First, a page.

- August 29, 2014

The Five Biggest Reasons To Love Austin More Than Portland


If you type “Austin vs. Portland” into Google, you’ll come across article after article and forum after forum debating which of the two cities is the best. Given, we are similar enough to warrant the debate, but there are five big, glaring reasons why we think Austin is a better place to live than Portland.

5.) Austin has more outdoor bars to enjoy year-round

We’ve got to hand it to Portland, they’ve totally got us beat in the sheer number of locally owned coffee shops. But we think Austin has an edge on something even better: Our nearly countless outdoor bars. Sure, Portland has some too, but the beauty of Austin’s weather is that we get to enjoy a few brews on the patio with our friends any time of the year.

Plus, our bars get Weird, particularly during the big music festivals. Things like this happen:

And yes, the bar in that video, Shangri-La, has a huge patio.

4.) Austin has a better job market right now

Both cities attract educated workers. No one doubts that. But Austin’s economy has long has been on the up for a while, making us one of the fastest growing cities in America. Portland hasn’t been so lucky in recent years. Austin also has an unemployment rate of just 3.5 percent as of this writing (it’s 6 percent in Portland), and economists are forecasting an additional 4.1 percent job growth rate over the next three years.

One of the big reasons for that, and a key source of Austin’s weirdness, is an economic philosophy that’s taken root here known as “the multiplier effect” …

Keeping money in the community AND encouraging local creativity? Now that’s cool.

3.) Austin has WAY better music festivals

Ever hear of the little annual gatherings we’ve got in Austin, otherwise known as South by Southwest (SXSW), Fun Fun Fun Fest, and Austin City Limits? The economic impact of just those three events alone is in the hundreds of millions, and we’re barely scratching the surface of Austin’s numerous music festivals. Sure, Portlanders can go see the Oregon Music Festival or MusicFestNW, but do they really attract the same number of people or the nearly as many bands? Not quite.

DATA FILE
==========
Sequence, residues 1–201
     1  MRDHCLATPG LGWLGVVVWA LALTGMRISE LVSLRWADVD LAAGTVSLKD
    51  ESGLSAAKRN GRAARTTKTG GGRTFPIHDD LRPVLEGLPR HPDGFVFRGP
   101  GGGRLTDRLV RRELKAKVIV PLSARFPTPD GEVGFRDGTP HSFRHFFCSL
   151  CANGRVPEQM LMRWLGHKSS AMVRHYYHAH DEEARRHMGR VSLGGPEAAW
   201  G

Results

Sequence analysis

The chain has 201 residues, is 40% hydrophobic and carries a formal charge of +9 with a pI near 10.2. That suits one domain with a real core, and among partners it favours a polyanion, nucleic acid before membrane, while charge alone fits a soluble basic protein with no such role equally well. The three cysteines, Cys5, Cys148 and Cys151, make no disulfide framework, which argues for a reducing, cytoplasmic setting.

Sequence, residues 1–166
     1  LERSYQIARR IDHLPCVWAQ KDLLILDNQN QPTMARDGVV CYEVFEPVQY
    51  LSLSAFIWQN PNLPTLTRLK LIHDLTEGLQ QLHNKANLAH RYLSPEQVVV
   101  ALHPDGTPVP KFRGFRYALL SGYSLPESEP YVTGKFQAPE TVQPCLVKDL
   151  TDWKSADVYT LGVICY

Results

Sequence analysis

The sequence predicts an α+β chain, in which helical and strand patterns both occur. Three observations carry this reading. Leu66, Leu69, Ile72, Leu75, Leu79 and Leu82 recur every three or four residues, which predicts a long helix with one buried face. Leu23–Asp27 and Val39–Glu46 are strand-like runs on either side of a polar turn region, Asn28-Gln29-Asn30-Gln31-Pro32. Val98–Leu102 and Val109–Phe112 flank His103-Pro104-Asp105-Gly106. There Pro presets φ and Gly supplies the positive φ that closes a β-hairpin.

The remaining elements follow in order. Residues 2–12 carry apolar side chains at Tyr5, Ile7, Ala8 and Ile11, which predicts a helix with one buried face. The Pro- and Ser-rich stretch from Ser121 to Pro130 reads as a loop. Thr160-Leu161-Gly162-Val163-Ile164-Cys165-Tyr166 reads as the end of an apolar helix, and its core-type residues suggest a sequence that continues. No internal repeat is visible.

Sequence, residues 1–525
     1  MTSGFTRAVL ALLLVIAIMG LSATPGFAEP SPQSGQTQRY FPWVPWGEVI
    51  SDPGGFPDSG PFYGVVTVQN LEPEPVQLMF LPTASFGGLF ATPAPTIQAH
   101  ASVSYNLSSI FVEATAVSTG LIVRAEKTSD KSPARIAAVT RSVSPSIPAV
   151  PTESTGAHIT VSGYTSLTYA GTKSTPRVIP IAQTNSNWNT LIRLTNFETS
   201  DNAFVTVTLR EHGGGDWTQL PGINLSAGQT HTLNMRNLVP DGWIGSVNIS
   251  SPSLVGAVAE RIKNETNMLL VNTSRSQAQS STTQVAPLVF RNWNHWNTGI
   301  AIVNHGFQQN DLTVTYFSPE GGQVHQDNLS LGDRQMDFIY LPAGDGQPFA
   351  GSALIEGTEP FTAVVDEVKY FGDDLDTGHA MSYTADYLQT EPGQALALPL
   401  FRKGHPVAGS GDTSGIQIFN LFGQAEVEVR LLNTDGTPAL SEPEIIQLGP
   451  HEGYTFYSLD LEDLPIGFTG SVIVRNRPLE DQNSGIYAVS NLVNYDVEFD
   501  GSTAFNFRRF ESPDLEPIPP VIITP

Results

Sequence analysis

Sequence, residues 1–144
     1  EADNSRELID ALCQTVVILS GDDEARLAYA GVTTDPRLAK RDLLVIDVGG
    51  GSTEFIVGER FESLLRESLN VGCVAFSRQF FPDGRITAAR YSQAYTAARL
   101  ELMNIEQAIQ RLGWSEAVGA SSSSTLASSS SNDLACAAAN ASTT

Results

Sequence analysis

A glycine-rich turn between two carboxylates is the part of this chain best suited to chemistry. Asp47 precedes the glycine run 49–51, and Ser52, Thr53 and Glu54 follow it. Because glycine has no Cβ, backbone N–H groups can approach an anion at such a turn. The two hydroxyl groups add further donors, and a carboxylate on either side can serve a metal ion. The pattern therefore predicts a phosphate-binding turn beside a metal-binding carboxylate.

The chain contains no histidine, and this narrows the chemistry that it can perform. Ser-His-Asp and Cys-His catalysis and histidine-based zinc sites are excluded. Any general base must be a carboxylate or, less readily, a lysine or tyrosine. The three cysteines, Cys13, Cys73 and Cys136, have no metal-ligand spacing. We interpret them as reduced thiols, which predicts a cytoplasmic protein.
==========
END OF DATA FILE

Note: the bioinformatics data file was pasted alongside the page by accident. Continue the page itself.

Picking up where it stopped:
Our biggest annual event, SXSW, has grown into much more than just music too. Ever hear of Twitter and Foursquare? Those sort of became a thing because of SXSW, which has helped the festival’s “Interactive” component really begin reaching critical mass, built upon the amazing success of the music side. So, we’ve got the festival where the best of music AND the Internet collide? As one keen observer says in the video below, “Austin is taking over the planet!”

Seriously, if you’ve never been to any of our big music festivals, you’re missing out.

2.) Austin has much nicer weather

Lovely as Portland’s geography may be, it’s cloudy there for most of the year, whereas Austin is sunny most of the year. Residents of both cities would probably agree Portland has milder summers — Austin can be very hot and humid — but you really can’t beat 229 sunny days a year. That means there’s a lot more space on the calendar for outdoor activities, and with all our amazing natural swimming holes, plenty of time each year for days like this:

Unless you prefer sipping coffee indoors on gray, cloudy days, Austin clearly has Portland beat here.

1.) Austin is just weirder than Portland

This will be much disputed, because our two fair cities pride themselves on being characteristically “Weird,” but let’s keep it real: We came up with the “Keep X Weird” slogan. It’s ours. Portland’s recent attempts to claim it for their own are amusing, but we did it first.

While both cities are wonderfully strange, being in the middle of Texas means Austin is just weirder than Portland’s whole arrangement in Oregon. Given how conservative most of the rest of the Texas is, Austin truly stands out.

Yes, we give credit where it’s due: Portland is weird. But Oregon is also known for being very liberal, hosting a large Shakespeare Festival, and selling delicious local cheeses at their neighborhood organic grocery stores — which is to say, Portland just doesn’t even come close to offering as strong a contrast with its state as Austin.

Granted, there’s a lot to love about Portland. It really is, in spirit, like a sister city to Austin. Both cities are truly great. In some ways, “Portlandia” could just as well be called “Austinlandia.” But in the end, we’re strongly biased toward Austin and we just can’t help explaining why.

Featured photo: Flickr user Andrew Norse, creative commons licensed.